March 4, 2009 â€“ Equipped with petitions and clipboards, Fluvanna citizens are canvassing the County to collect 1800 signatures ahead of a March 18 Board of Supervisors public hearing. At the hearing, supervisors are expected to approve creation of a James River joint water authority with Louisa County.
The petition asks that the following question be placed on the ballot: “Shall Fluvanna County join Louisa County in the formation of a joint Water Authority?” Citizens backing the petition hope to present enough signatures from Fluvanna voters to halt the Board’s decision and put the water authority before voters.
“We’re not taking a stand on the water authority one way or the other,” says Doug Johnson, who is spokesperson for the petition drive. “We just want an open airing of the issues. County officials have not given citizens sufficient time and facts to understand all the pros and cons or to provide informed feedback at the public hearing.”
The petition drive was launched when a few concerned citizens met together. “The subject of the meeting was the pipeline, and as we all discussed the issues and realized how overpowering the questions were, we decided we had to do something before it was too late,” says Johnson.
Both Fluvanna and Louisa officials want the joint water authority to promote economic development at Zion Crossroads. Fluvanna also hopes to ease water supply problems in Fork Union and at the Fluvanna Correctional Center for Women. “It may be good for Louisa. It may be good for businesses and the prison. But are the joint authority and the pipeline really good for the majority of Fluvanna taxpayers who will never directly benefit and probably won’t ever get paid back for subsidizing this venture? That’s our question,” says Johnson.
Leroy McCampbell (589-1599), who is distributing blank petitions and collecting the signed petitions, says there are too many unknowns about the joint water authority. “March 18 will be citizens’ only opportunity to speak out on this issue, yet there are so many critical, unanswered questions. It was just a month ago that the counties formally agreed to this and only a week ago that we learned the date of the public hearing. This whole thing is being rushed to the detriment of citizen information and input.”
Johnson says the community information meetings last spring focused on the nuts and bolts of the pipeline, not the joint authority. “Since then, Fluvanna citizens have been given little or no information about the authority and its powers, no cost/benefit analysis, no update on pipeline costs. The County expects us, the taxpayers, to blindly foot the bill for this without having sufficient facts.”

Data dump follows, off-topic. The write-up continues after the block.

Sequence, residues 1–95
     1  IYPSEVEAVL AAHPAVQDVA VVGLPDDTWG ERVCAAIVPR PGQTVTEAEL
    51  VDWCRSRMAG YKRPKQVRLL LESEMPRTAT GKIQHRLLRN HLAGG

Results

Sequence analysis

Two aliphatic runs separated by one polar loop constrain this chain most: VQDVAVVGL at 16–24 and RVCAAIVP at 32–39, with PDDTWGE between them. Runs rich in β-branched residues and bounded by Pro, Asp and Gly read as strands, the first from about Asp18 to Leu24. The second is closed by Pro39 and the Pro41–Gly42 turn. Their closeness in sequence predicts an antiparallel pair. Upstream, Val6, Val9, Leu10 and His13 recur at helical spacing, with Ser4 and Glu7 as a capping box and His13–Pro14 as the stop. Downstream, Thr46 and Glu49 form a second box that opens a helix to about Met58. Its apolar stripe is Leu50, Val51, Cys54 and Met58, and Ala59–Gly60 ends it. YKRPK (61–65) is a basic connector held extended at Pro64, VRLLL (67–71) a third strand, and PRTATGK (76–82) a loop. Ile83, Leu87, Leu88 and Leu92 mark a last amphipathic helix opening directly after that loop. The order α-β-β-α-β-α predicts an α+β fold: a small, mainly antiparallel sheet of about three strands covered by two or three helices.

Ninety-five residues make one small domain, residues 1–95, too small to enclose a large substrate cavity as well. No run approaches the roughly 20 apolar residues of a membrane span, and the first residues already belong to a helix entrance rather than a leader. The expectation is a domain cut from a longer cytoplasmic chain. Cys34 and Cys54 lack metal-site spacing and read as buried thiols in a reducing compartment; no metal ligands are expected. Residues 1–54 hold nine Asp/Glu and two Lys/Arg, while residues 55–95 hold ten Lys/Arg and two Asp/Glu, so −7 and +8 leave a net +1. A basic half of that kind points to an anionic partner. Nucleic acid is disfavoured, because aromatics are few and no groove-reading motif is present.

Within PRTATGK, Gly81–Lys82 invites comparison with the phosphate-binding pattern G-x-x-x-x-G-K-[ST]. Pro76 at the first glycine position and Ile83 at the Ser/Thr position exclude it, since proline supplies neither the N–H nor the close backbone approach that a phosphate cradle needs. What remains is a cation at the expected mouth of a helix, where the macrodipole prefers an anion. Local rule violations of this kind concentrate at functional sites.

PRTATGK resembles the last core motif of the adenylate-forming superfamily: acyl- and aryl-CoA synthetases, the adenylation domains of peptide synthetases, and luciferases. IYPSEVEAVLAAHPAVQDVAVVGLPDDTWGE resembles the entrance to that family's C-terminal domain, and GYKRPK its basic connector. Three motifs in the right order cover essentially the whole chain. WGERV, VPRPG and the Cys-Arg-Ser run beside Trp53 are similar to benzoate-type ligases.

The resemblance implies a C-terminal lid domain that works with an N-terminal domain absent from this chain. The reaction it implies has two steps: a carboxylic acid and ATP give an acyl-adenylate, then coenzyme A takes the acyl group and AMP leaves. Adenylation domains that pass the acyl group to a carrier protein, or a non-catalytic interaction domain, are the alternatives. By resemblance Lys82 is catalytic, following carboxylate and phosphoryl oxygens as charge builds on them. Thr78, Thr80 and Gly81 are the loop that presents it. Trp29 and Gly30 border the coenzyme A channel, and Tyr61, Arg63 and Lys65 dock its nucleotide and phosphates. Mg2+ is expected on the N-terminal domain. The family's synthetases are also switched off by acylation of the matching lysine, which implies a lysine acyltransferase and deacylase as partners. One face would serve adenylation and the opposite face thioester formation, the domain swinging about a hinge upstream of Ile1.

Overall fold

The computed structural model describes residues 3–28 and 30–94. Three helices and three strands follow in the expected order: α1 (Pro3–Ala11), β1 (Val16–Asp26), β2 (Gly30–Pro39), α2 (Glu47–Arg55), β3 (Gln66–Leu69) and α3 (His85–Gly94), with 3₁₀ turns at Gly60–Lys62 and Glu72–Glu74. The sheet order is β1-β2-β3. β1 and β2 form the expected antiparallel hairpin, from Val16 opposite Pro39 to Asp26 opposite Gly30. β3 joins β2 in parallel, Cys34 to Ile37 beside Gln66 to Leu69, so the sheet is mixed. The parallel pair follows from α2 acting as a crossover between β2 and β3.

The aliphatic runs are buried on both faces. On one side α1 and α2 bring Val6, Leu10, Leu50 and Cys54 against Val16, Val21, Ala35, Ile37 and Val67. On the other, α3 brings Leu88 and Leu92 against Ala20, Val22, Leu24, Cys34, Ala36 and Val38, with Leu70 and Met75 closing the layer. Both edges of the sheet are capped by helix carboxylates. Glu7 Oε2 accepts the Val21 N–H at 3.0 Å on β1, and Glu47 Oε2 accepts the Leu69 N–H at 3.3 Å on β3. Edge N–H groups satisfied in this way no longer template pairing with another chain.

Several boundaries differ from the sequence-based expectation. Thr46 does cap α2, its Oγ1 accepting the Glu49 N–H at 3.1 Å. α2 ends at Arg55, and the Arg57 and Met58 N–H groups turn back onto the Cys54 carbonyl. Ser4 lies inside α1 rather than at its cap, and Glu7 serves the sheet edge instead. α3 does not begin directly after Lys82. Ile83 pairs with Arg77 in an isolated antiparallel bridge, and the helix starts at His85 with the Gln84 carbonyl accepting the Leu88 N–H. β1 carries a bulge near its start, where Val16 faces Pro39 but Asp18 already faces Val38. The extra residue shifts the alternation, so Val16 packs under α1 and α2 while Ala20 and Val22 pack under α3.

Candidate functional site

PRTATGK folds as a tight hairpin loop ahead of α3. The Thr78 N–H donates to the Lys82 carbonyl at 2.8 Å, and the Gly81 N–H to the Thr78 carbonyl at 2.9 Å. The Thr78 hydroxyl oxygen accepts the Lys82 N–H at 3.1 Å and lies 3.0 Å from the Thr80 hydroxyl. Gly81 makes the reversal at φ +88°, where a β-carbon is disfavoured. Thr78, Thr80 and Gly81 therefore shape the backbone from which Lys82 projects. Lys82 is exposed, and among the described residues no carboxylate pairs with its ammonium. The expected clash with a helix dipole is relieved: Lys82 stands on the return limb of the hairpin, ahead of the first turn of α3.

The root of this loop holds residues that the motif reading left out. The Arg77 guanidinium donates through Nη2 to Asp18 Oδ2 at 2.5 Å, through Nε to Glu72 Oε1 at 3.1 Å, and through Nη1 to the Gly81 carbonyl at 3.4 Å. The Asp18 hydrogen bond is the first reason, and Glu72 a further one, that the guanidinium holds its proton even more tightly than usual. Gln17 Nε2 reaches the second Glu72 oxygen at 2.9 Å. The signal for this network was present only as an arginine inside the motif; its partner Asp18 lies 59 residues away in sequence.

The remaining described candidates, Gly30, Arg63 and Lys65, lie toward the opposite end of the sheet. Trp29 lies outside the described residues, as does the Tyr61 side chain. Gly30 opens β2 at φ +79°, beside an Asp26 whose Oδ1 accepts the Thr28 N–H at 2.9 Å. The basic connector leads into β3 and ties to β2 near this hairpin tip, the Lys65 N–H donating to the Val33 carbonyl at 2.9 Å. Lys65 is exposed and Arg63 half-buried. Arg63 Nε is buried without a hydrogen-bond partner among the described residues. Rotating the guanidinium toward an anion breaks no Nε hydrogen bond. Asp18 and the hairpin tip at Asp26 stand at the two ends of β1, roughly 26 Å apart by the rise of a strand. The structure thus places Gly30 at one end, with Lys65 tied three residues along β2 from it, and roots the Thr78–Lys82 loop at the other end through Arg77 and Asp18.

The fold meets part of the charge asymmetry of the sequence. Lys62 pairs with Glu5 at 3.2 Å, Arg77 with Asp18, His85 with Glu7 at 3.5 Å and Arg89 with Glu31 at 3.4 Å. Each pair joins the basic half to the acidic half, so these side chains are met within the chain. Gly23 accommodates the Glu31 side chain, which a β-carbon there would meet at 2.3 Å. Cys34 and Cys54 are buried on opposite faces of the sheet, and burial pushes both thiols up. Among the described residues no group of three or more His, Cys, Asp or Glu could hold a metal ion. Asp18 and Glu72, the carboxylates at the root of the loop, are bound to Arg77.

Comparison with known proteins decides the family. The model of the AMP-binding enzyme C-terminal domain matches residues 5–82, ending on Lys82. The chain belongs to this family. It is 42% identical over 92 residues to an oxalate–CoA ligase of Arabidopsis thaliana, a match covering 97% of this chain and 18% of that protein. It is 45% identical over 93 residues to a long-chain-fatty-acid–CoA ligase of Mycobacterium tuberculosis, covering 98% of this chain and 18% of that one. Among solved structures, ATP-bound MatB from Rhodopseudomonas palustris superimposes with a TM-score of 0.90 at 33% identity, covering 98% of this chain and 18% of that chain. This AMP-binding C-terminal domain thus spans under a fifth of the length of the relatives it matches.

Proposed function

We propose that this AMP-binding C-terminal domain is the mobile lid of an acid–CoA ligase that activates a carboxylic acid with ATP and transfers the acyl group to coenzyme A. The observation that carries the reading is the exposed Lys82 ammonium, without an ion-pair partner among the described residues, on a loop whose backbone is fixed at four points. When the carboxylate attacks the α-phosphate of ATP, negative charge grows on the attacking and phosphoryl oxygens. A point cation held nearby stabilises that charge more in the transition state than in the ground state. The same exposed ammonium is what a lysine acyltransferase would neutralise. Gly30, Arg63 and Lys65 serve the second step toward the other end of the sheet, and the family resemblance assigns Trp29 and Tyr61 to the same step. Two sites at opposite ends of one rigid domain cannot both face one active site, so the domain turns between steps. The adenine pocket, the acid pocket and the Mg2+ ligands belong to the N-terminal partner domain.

What many residents don’t realize, says Johnson, is that, once created, the joint authority will endure for many years and set in motion events that will affect people’s pocketbooks, property and their ability to influence pipeline decisions in the future. “Think about it. Louisa officials are unaccountable to Fluvanna citizens, yet they’ll get equal say over a pipeline that cuts entirely through Fluvanna lands,” he states. “On the six-member joint authority board, Fluvanna voters will have only one elected official whom they can try to influence and hold accountable on pipeline issues. There’s a big sovereignty question here.”
Other issues that concern the petition drive group include:
Â· Louisa County will pay half on the pipeline, but is 50/50 adequate compensation for the use of Fluvanna’s land and access to the James River?
Â· Virginia statutes give the joint authority eminent domain powers and the pipeline will cut through some 200 Fluvanna properties, according to some supervisors. Should the joint water authority â€“ half of whose voting members are from Louisa â€“ have eminent domain authority over Fluvanna lands?
Â· Is Fluvanna striking the best deal with Louisa given the disproportionate impact on Fluvanna citizens and natural resources?
Â· If the pipeline is such a great business proposition, why don’t plans call for it to be supported by revenue bonds instead of general obligation bonds? (With revenue bonds, the system finances itself; with general obligation bonds, taxpayers underwrite the cost.)
Â· Does it make good fiscal sense to saddle Fluvanna taxpayers with a 6.1 percent initial pipeline tax increase on top of a projected 41 percent increase in real estate taxes for phase one of the Domino Plan?
For more information about the petition, call Doug Johnson at 286-6982, Leroy McCampbell at 589-1599, or go to www.FluvannaBlog.com. The joint authority public hearing will be at 7 p.m., March 18, at the Fluvanna circuit courtroom in Palmyra.